SACRAMENTO, Calif. - Faced with a total of 17 coronavirus-related deaths, the California Department of Corrections and Rehabilitation announced on Tuesday that they would be allowing more inmates to be released.
Specifically, the "community supervision plan" will allow prisoners who have six months or less to serve on their sentences to be let go in order to reduce overcrowding, which is a key factor in the spread of COVID-19. The purpose of releasing inmates early is “to amplify actions to protect staff and inmates at the state’s prisons from the spread of COVID-19,” prison officials said.
Prisoners who are serving time for domestic violence, or a violent or serious crime, or are sex offenders are not eligible for this early release. Other criteria include that the prisoner has a place to live upon leaving his or her facility and CDCR officials said all will "remain under close supervision for the duration of their sentence."
The release will begin on July 1.
San Francisco-based prison reform attorney Michael Bien, who is partnering with the Prison Law Office in advocating for reducing the inmate population during COVID-19, said he has learned this will affect about 3,500 inmates in the system.
"It's good news," Bien said. "It will have some effect on population. But it's not targeted to the medically vulnerable. They need to do more now."
Bien noted that this accelerated release is also more restrictive: Additional restrictions were added this time, including those who commit serious violent crimes. And he said the releases do not specifically affect inmates who are older and have pre-existing conditions - two factors that make them more susceptible to coronavirus.
Bien implored Gov. Gavin Newsom to look at the situation and revisit who should still behind bars.
"It's time to release medically vulnerable people who have demonstrated low-risk for committing crimes, even if they committed something more serious in the past," Bien said.
Throughout the state and country, there has been tension between criminal justice advocates and law enforcement on who should be released: Police and prosecutors have mostly argued that it would be too dangerous to simply let everyone out of custody. Local county jails have released the most inmates, but the state and federal prison systems have been more reluctant.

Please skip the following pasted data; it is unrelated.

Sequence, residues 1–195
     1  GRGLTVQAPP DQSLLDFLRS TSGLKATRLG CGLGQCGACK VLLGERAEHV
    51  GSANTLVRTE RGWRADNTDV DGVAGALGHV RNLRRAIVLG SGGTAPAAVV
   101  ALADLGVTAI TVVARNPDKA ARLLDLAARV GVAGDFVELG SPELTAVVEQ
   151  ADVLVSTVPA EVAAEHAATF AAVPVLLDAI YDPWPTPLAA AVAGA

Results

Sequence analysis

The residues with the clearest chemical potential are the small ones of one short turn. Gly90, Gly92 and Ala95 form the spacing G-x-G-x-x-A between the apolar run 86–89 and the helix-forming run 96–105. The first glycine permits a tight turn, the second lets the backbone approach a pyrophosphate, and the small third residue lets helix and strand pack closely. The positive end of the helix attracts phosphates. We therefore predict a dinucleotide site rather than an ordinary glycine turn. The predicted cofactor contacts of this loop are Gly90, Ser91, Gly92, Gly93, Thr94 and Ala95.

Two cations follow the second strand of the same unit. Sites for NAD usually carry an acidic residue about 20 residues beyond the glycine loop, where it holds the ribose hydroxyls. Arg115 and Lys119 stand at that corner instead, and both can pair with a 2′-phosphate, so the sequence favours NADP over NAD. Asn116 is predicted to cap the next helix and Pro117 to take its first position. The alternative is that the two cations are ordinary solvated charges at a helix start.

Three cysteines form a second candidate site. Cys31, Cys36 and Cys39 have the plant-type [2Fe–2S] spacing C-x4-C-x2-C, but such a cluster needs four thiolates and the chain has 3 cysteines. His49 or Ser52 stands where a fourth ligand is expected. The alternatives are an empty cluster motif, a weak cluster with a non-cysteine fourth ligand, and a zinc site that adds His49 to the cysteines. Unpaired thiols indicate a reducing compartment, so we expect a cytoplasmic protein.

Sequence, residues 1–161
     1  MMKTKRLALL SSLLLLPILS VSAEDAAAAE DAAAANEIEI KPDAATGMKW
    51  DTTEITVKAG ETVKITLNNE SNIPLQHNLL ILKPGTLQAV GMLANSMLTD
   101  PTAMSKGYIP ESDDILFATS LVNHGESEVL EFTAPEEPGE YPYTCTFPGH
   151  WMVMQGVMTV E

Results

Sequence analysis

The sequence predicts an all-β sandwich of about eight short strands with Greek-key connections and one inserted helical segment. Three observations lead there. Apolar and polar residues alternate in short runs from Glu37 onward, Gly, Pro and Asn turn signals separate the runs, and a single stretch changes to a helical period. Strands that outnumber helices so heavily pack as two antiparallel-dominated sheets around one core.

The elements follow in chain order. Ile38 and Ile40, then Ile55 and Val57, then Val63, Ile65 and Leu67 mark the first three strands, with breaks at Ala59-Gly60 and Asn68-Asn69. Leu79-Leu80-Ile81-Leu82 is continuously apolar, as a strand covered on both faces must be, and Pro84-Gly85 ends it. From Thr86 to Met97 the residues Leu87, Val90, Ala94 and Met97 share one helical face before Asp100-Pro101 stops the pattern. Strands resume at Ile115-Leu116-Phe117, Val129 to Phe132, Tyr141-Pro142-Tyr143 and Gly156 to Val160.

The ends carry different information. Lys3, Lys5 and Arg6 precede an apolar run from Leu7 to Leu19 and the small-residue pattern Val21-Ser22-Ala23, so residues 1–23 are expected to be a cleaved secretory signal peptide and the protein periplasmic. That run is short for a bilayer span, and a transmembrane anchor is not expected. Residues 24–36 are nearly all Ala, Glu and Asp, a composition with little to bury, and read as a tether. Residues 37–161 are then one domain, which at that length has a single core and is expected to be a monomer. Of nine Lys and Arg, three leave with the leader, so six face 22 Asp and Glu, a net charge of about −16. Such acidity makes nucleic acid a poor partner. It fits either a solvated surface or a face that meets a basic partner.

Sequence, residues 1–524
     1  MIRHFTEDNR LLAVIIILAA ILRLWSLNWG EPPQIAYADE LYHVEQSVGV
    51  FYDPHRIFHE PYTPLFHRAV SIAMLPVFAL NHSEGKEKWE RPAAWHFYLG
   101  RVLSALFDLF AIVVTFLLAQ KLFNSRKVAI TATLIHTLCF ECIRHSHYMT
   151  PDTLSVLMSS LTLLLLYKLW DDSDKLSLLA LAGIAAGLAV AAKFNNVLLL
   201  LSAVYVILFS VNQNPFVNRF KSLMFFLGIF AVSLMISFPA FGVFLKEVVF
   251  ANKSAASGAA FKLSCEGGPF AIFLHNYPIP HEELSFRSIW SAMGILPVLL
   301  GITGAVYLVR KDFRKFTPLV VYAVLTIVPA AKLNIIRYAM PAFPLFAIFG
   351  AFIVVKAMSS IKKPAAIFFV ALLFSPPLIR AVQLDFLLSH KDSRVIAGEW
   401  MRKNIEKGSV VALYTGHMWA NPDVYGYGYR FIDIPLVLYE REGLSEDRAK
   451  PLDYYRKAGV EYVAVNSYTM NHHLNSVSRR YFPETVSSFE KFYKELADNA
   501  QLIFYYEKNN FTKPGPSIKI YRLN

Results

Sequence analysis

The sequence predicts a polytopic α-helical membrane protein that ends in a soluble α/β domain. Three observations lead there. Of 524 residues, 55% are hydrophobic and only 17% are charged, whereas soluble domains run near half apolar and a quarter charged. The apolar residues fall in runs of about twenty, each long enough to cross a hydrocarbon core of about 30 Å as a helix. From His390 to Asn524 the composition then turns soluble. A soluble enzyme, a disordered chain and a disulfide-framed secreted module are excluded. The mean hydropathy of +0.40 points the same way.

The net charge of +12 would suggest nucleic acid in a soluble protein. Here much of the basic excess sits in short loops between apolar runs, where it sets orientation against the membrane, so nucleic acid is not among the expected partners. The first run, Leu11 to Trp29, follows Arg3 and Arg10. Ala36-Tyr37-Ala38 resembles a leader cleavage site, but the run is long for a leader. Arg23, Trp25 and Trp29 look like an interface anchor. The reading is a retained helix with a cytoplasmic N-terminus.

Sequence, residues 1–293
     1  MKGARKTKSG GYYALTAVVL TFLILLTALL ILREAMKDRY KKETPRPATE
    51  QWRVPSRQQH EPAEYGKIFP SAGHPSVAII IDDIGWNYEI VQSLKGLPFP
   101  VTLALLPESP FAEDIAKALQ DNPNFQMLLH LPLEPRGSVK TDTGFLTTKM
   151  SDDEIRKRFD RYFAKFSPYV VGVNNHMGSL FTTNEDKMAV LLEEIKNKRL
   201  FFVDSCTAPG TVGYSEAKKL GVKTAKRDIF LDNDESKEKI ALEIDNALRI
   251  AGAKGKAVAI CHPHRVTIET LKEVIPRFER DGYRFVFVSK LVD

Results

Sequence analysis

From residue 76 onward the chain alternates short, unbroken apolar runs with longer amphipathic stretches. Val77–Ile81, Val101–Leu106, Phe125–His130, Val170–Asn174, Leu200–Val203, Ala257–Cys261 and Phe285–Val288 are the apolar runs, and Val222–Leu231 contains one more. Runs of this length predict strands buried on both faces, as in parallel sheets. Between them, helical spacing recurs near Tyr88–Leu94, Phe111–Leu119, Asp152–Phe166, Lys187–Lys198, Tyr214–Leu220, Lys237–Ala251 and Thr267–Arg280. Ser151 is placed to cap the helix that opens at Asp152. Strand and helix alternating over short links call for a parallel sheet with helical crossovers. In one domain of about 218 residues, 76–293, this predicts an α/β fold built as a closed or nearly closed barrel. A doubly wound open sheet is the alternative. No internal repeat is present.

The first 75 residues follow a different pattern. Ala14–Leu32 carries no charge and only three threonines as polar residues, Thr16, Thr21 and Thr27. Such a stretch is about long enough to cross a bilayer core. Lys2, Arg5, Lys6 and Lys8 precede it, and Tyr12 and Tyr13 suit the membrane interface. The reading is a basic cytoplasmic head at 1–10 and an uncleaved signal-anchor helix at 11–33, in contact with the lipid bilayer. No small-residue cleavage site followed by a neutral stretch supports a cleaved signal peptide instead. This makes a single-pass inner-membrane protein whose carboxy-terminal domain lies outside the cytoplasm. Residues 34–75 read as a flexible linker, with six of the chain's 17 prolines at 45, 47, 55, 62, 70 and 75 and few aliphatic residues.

As of Tuesday, 17 incarcerated people have died because of coronavirus; all but two were housed at the California Institute for Men in Chino.
Bien said 15 of those inmates had mental and/or physical disabilities and 14 of them were people of color. The average age of the inmate who died is 63. The oldest was 81.
So far, the largest coronavirus outbreaks have occurred at the Chuckawalla Valley State Prison in Blythe as well as the California Institution for Men. According to the state prison tracker, officials had recorded 1,003 and 802 cases at those facilities, respectively.
More than 3,200 inmates and over 560 staff members at California prisons have tested positive for COVID-19, according to CDCR statistics. There were 2,123 prisoners held at state-run facilities actively infected with the virus as of Tuesday evening.
In the meantime, prison officials have been transferring inmates from the Chino facilities to other prisons.
On Tuesday during a Zoom news conference, Re:Store Justice executive director Adnan Khan said that because of those transfers, COVID-19 is now spreading to San Quentin. He said there are now 33 positive coronavirus cases at San Quentin after 120 inmates came there from the Correctional Institute for Men. Until that transfer, Khan said, San Quentin had been virus-free.
Three inmates, Kerry Rudd, Adamu Chan and Rahsaan Thomas joined the call. Each described conditions of overcrowding in the San Quentin cells.
This is the second early release within the California prison system.
An earlier expedited parole of about 3,500 incarcerated people already took place in April, and CDCR officials said in a statement that the agency has reduced the incarcerated population by more than 8,000 since mid-March.